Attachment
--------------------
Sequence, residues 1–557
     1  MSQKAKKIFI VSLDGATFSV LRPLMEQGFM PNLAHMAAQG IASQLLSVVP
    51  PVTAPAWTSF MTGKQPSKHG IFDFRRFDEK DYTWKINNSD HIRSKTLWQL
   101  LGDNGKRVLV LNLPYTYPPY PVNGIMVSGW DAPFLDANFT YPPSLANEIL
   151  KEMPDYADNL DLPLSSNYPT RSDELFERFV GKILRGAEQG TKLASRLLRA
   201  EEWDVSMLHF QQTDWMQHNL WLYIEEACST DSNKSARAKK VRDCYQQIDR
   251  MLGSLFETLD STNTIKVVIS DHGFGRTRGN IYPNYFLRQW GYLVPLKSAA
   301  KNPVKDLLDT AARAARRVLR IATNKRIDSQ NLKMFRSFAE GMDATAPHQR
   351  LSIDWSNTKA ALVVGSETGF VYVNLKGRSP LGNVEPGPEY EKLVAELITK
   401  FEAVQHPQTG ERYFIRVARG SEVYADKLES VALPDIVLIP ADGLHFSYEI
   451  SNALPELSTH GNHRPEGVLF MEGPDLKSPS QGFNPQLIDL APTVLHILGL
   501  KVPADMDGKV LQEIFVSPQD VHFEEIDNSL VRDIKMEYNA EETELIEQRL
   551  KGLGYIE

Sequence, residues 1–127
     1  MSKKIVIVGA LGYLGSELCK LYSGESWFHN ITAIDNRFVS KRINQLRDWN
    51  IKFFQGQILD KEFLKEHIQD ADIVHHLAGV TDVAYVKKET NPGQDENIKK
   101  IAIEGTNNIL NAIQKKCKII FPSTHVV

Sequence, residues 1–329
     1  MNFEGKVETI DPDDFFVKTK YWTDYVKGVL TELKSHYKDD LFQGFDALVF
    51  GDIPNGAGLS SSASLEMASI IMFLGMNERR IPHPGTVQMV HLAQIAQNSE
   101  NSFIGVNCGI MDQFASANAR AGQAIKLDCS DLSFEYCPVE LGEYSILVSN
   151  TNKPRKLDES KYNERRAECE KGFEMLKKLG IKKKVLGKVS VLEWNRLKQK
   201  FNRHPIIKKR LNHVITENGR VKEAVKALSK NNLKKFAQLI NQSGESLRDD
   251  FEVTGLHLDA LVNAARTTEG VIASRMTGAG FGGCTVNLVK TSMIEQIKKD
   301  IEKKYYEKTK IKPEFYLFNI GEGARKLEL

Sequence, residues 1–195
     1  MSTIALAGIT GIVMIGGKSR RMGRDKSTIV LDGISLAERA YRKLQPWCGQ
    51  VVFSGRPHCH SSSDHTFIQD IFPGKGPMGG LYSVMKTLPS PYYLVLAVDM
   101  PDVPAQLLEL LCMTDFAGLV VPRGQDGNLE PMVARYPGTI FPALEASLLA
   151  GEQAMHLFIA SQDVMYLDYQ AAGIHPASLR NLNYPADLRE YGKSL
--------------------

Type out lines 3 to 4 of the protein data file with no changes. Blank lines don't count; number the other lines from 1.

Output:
    51  PVTAPAWTSF MTGKQPSKHG IFDFRRFDEK DYTWKINNSD HIRSKTLWQL
   101  LGDNGKRVLV LNLPYTYPPY PVNGIMVSGW DAPFLDANFT YPPSLANEIL